How Ridiculous Can You Get?, More Needles-in-Your-Face, Saunders Is In Action, TAM6 Preview, Giggle Time, In Closing.


We may have an answer to this simple, basic, question, taken directly from the very interesting SkepticWiki site at, which I recommend you visit often, especially since one of the hilarious and very effective Richard Wiseman videos is currently featured. Please, since you’ll be convulsed with laughter at the truly incredible naivety of the Comfort/Cameron team, read this in private. SkepicWiki tells us:

Table of Contents
  1. How Ridiculous Can You Get?

  2. More Needles-in-Your-Face

  3. Saunders Is In Action

  4. TAM6 Preview

  5. Giggle Time

  6. In Closing …



We may have an answer to this simple, basic, question, taken directly from the very interesting SkepticWiki site at, which I recommend you visit often, especially since one of the hilarious and very effective Richard Wiseman videos is currently featured. Please, since you’ll be convulsed with laughter at the truly incredible naivety of the Comfort/Cameron team, read this in private. SkepicWiki tells us:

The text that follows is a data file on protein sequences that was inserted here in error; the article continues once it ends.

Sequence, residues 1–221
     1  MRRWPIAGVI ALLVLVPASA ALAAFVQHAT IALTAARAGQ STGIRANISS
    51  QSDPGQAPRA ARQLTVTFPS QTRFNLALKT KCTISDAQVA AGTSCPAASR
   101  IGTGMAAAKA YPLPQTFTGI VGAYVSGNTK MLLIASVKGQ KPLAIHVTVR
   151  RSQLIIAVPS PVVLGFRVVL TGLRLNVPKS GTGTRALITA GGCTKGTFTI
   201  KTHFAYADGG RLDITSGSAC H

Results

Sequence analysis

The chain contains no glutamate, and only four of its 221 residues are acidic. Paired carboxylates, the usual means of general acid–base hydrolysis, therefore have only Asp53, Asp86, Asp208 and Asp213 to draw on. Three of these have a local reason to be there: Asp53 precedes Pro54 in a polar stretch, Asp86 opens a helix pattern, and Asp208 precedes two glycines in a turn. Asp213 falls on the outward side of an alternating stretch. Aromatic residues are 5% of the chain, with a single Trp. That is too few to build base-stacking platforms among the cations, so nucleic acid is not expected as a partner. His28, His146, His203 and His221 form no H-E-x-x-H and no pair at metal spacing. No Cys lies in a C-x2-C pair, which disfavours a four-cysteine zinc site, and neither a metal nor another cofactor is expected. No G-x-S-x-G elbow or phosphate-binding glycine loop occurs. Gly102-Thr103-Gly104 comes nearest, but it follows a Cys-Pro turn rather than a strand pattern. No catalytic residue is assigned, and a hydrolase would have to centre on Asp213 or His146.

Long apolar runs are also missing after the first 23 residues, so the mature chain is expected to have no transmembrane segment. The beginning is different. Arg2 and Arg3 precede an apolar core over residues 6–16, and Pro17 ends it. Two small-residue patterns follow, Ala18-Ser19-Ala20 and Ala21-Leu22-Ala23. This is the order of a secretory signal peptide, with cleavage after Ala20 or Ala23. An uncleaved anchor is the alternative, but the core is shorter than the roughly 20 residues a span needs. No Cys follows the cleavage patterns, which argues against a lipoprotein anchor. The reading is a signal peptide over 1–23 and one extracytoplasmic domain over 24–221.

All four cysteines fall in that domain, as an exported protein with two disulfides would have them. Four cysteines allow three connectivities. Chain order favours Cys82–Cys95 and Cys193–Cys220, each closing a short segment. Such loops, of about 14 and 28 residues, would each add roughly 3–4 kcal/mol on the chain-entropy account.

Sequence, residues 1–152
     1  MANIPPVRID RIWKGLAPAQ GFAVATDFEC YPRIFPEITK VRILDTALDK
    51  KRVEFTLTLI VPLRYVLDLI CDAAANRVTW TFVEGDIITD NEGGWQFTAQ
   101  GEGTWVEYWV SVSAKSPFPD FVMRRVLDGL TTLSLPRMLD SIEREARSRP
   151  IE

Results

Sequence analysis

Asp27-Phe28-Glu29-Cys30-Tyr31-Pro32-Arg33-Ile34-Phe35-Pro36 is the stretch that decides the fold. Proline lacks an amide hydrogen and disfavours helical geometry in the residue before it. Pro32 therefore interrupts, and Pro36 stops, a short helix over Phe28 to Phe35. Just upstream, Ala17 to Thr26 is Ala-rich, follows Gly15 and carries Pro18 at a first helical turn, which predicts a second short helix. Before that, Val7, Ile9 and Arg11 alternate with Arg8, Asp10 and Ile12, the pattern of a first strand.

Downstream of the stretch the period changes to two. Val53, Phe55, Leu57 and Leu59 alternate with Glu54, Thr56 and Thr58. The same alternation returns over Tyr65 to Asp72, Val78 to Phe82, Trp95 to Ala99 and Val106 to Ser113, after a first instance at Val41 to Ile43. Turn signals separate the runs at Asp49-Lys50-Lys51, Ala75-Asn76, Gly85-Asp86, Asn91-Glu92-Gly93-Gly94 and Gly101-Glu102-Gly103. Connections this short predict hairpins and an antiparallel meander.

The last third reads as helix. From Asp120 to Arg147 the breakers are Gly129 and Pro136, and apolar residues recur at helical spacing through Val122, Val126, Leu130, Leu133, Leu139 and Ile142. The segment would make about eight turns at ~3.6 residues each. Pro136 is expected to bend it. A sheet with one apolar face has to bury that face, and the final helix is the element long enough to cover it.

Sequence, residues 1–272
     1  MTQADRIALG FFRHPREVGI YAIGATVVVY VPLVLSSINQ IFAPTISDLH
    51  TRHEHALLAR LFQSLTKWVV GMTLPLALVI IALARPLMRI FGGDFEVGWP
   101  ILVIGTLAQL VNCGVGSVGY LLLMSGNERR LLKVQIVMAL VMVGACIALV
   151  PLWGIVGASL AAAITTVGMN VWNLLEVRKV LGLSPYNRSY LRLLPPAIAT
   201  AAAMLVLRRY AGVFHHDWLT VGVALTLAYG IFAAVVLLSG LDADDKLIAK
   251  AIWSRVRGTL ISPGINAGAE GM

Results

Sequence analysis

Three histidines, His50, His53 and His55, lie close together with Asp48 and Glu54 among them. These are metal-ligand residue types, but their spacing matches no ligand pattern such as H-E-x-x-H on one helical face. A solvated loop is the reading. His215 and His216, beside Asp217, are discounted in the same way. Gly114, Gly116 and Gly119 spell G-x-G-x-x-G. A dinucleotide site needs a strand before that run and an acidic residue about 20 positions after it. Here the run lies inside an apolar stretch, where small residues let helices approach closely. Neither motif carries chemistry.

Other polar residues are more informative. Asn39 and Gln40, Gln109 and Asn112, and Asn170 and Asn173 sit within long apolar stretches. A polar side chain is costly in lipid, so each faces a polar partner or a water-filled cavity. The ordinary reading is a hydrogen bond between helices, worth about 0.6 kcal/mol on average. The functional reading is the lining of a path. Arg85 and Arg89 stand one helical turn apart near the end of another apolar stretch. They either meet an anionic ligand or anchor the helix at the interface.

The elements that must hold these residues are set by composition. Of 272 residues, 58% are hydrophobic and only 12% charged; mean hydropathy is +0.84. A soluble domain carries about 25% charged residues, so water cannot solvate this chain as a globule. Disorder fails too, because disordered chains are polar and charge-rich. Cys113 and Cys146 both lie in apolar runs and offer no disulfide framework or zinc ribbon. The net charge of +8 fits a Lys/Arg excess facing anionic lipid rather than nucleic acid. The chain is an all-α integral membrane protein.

"Bananas: The Atheist's Worst Nightmare" is a particular variant of an argument from design which describes how the banana's features reveal its true cosmic origins. The argument traces back to [creationist] Ray Comfort and former “Growing Pains” actor Kirk Cameron's evangelical Christian talk show, and it is summed up as follows:

Note that the banana:

Is shaped for the human hand
Has non-slip surface
Has outward indicators of inward content:

Green – too early,
Yellow – just right,
Black – too late

Has a tab for removal of the wrapper
Is “scored” on the wrapper
Has a bio-degradable wrapper
Is shaped for the human mouth
Has a point at top for ease of entry
Is pleasing to human taste buds
Is curved towards the face to make the eating process easy

To say that the banana happened by accident is even more unintelligent than to say that no one designed the Coca Cola can. [Direct quote from Kirk Cameron]

This argument is of such dubious quality that it could very easily be mistaken for a parody, and hardly merits serious discussion at all. However, in the rare instance that you come across a creationist sufficiently starry-eyed to fall for it, then it could be helpful to keep in mind some of the problems of the argument: